In factories and other industrial settings, it’s not uncommon to see workers remove dust and debris from their clothing and skin using compressed air guns. While this might seem like an innocuous and practical method of cleaning off after a long day of work, compressed air can actually cause severe injuries and even death when not used properly. In fact, the Occupational Safety and Health Administration (OSHA) heavily regulates the use of compressed air for cleaning purposes to prevent workplace injuries.
So what types of injuries are associated with compressed air blow-off? Today we’ll address three main concerns:
When high-pressure compressed air is used to clean skin and clothing, it can penetrate the skin and enter the bloodstream. This, in turn, can cause blood vessels to become blocked by air bubbles, triggering stroke-like symptoms. If left untreated, an air embolism can lead to coma, paralysis and death. Air embolisms are commonly associated with decompression sickness in divers, but they can just as easily be caused by compressed air accidents as well.
Oil Injection Injury
Similar to an air embolism, this type of injury occurs when a high-pressure fluid creates a small puncture wound in the skin, injecting the fluid into the body and causing extensive soft tissue damage. The injury may seem minor at first, but become far more serious in the hours following the incident. You don’t have to look far to find some pretty gruesome examples of injection injuries on the Internet. These injuries often occur when paints, solvents or fuel oils are injected into the skin, but they can also be caused by the injection of high-pressure air alone. In severe cases, an injection injury may result in the loss of a limb.
Flying Shavings and Debris
When compressed air is used to blow off debris, it can also cause “chip fly-back,” where small pieces of flying debris cause bodily harm to the operator or other nearby workers. In these incidents, flying debris—even very small particles of dust – can cause debilitating eye injuries. As such, it’s essential for operators to employ effective chip guard barriers that block flying debris to prevent injuries.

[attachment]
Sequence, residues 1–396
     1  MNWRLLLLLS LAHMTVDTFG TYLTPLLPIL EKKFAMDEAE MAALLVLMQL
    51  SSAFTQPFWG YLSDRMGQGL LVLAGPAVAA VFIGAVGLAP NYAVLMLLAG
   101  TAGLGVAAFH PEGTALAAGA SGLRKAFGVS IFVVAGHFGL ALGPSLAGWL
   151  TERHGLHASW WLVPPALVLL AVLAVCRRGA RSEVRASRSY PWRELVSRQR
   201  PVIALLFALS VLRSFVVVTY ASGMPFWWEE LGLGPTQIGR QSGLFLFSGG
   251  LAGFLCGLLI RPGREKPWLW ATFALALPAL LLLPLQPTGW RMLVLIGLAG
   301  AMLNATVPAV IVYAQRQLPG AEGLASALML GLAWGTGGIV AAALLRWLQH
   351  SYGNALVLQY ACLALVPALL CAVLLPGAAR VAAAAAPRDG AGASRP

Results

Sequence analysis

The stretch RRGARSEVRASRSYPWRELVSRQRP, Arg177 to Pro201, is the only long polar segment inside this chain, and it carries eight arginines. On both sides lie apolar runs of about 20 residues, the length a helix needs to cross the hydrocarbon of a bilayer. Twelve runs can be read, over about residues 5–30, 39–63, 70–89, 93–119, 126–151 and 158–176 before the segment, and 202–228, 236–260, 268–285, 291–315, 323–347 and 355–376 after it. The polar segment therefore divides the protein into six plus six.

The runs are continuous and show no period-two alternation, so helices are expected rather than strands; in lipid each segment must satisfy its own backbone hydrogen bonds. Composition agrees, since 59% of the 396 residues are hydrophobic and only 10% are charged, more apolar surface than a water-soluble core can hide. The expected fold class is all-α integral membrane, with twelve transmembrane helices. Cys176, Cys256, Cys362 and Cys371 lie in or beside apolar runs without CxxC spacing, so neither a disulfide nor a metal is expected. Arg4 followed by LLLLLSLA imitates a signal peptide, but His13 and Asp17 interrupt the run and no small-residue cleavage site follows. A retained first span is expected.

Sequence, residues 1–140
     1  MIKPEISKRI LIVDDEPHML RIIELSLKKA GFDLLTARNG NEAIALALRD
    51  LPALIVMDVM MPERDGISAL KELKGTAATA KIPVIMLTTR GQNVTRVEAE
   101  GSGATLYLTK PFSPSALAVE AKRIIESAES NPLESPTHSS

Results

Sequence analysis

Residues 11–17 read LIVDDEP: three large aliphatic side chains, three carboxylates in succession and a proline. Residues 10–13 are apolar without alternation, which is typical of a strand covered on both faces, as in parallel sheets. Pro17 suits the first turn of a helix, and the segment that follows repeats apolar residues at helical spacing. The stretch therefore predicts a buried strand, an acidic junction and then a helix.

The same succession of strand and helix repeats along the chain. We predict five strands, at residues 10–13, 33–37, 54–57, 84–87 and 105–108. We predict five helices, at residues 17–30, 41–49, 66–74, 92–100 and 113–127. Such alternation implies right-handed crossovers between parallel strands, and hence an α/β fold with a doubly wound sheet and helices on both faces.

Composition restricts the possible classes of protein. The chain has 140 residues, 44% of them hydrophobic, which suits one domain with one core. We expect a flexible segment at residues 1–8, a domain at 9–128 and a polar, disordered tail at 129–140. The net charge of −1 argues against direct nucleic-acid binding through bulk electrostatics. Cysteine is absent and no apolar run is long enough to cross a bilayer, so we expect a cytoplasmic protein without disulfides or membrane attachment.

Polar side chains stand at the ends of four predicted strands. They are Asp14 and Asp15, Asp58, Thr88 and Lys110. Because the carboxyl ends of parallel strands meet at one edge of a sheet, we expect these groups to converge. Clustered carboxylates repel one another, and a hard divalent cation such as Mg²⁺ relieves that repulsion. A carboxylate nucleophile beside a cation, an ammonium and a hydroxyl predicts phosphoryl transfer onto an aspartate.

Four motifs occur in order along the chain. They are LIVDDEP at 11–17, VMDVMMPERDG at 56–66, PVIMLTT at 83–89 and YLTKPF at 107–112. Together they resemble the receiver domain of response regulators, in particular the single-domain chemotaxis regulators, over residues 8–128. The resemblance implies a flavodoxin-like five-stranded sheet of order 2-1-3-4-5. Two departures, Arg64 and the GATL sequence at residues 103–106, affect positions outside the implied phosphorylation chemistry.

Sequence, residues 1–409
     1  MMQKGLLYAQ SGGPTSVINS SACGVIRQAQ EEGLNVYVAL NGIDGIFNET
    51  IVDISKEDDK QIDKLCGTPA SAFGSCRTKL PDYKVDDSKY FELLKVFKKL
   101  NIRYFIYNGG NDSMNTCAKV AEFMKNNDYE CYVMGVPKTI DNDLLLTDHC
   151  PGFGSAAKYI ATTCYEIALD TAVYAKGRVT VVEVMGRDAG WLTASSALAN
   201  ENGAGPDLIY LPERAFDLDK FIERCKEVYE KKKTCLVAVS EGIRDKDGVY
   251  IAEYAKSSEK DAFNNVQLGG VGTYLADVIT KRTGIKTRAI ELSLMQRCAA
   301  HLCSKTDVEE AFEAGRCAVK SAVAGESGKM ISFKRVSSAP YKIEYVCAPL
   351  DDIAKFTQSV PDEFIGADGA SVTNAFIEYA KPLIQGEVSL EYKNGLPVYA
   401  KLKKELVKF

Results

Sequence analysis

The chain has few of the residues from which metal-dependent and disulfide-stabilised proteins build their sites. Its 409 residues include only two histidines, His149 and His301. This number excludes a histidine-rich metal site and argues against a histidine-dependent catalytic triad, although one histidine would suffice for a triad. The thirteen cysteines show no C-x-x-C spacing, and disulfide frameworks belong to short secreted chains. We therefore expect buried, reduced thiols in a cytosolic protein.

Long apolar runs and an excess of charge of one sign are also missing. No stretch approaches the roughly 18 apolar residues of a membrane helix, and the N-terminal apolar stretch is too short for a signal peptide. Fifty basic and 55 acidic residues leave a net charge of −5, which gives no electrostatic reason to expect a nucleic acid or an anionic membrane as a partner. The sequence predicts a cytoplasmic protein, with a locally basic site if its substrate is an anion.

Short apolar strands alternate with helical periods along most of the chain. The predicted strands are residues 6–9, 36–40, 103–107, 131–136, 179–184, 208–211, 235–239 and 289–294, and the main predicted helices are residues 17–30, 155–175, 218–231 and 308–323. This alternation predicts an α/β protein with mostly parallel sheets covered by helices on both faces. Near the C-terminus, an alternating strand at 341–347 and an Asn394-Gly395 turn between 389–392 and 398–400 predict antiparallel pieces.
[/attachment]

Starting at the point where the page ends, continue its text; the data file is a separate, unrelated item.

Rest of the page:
OSHA prescribes a few other methods to prevent compressed air blow-off injuries as well.
To begin with, OSHA requires that compressed air “shall not be used for cleaning purposes except where reduced to less than 30 PSI.” Factory air lines typically run between 80 and 120 PSI, which is far too high to be used for personal cleaning purposes. Furthermore, OSHA requires that when air lines are dead-ended (blocked), the static pressure at the point of the blockage may not exceed 30 PSI. Some air gun nozzles also include dead-ending safety features which allow airflow to exit through side ports when the nozzle tip is blocked.
In addition to standard chip guards, protective cone air nozzles can also be used to prevent chip fly-back. In these nozzles, some of the airflow is diverted to slots around periphery of the nozzle to form a protective cone of air that prevents debris from flying back towards the operator. It’s important to note, however, that these nozzles may not prevent debris from being propelled towards other nearby workers. Therefore, they should always be used in conjunction with physical chip barriers.
Finally, OSHA suggests that pneumatic vacuums should be used as an alternative to compressed air systems for self-cleaning purposes. These vacuums can effectively remove most dust and debris without posing a threat of air embolism, injection injury or chip fly-back.
Interested in learning more about compressed air systems and their operation? Stay tuned for the latest updates from our blog, or give us a call today at (812) 422-2422 to speak with a representative at Case Controls!